The leaders in mobile wallet technology? Undoubtedly retailers. Starbucks and McDonald’s are already building these wallets in response to customer demand. But with mobile wallet use predicted to rise in 2014, should banks or mobile operators—who are better positioned to offer levels of security customers expect—be building them instead?
The challenge is that the business case for building a mobile wallet shows little direct financial benefit on its own to a bank or MNO (mobile network operator), while a retailer can leverage the wallet to drive loyalty. But there’s actually no reason why banks should ignore the potential gains that will come from customer spending data and loyalty programmes that can be launched based on this information.
All the more so because banks and MNOs are well placed to capitalize on security infrastructures built to support mobile banking apps. There are good examples in Austria, for instance, where Austria Card, Card Complete, Drei, Erste Bank, First Data, MasterCard, Nexperts, PayLife Bank, T-Mobile and Visa joined forces to deliver a country-wide mobile wallet standard, making the service available to all customers with a phone.
Several banks in the UK are already promoting loyalty schemes and spending rewards programmes. They include RBS-NatWest and Halifax who now offer customers cashback on purchases at selected retailers. These banks would get a boost from spending-habit data generated via mobile wallets that would allow them to leverage their third party relationships and create stronger and more personalised products.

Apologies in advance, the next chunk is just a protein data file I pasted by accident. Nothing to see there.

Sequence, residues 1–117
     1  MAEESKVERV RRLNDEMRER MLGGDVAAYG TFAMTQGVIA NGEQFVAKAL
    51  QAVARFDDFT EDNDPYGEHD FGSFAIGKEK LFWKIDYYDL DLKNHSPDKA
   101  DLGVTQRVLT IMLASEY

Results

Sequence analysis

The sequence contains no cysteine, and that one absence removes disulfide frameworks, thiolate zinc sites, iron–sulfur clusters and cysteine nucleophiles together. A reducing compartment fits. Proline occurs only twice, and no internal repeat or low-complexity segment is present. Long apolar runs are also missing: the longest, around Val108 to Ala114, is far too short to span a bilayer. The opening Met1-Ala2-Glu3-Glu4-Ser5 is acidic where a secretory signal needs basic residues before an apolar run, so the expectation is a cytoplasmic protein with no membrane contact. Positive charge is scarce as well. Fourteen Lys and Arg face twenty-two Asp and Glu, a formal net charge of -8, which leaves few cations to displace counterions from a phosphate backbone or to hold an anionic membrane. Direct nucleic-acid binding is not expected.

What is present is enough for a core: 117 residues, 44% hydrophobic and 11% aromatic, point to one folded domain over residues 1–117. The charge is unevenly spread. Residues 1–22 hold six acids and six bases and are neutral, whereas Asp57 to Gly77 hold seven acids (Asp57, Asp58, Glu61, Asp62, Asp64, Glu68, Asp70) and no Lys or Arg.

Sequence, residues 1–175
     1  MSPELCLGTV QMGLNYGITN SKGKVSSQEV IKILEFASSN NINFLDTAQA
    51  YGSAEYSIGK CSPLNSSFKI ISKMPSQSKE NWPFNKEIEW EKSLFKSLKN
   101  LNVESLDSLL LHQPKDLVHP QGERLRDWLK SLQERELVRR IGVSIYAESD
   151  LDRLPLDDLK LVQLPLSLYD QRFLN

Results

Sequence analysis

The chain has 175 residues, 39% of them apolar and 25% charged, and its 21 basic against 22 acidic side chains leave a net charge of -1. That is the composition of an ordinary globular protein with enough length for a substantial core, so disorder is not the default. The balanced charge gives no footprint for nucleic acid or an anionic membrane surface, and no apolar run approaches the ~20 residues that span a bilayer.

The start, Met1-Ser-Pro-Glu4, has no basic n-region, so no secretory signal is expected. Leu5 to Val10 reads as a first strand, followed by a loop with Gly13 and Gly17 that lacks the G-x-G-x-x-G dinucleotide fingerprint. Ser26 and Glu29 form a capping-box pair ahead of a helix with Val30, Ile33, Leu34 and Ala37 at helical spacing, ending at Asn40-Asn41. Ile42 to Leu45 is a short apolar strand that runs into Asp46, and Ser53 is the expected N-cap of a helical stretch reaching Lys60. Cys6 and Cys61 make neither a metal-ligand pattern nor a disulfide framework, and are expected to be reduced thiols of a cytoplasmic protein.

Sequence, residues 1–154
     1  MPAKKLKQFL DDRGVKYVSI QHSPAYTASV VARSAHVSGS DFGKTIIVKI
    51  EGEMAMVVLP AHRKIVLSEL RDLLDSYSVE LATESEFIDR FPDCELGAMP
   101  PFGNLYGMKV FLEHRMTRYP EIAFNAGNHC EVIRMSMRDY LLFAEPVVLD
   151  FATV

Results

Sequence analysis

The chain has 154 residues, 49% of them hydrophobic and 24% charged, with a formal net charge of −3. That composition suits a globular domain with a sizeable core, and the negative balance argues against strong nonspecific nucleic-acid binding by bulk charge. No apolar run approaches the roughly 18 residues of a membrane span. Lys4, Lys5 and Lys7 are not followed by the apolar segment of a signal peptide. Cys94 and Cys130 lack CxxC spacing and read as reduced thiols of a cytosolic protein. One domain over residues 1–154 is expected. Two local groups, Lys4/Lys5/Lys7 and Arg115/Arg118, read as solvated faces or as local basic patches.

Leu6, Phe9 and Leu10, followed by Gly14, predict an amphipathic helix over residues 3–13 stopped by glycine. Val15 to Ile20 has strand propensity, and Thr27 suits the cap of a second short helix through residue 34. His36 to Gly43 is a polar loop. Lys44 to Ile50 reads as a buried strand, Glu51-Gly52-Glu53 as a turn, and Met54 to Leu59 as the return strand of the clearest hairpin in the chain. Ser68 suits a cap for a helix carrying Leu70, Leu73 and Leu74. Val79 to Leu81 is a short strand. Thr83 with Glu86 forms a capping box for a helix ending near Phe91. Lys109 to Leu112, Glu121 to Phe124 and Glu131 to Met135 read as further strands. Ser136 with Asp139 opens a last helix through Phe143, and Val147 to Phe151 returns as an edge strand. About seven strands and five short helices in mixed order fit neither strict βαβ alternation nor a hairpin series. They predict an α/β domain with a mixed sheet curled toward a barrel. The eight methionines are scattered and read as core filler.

Then there’s the all-important question of trust. In recent years, savvy retailers have worked out how to build relationships with customers that most retail banks can only envy. But the more you look at what makes a successful wallet, the more you feel that banks have a huge opportunity in this space.
A successful wallet doesn’t need to be all things to all people, but at the very least it must have the ability to store and use multiple payment sources, have strong product integration with merchants’ POS systems and, most importantly, incorporate a level of security equal to, if not better, than current security levels available with alternatives like plastic cards.
These are all areas where banks can tap into years of hard-earned experience. They just need to communicate it to their customers. Free newspapers, discount music downloads and a latte-to-go are all very well. But at the end of the day, security and privacy are all that truly matters. And that’s where banks excel.
Would you be pleased to go cashless and cardless, and transact by tapping your phone, if you had a mobile wallet developed by your bank, secure and guaranteed like your credit card is?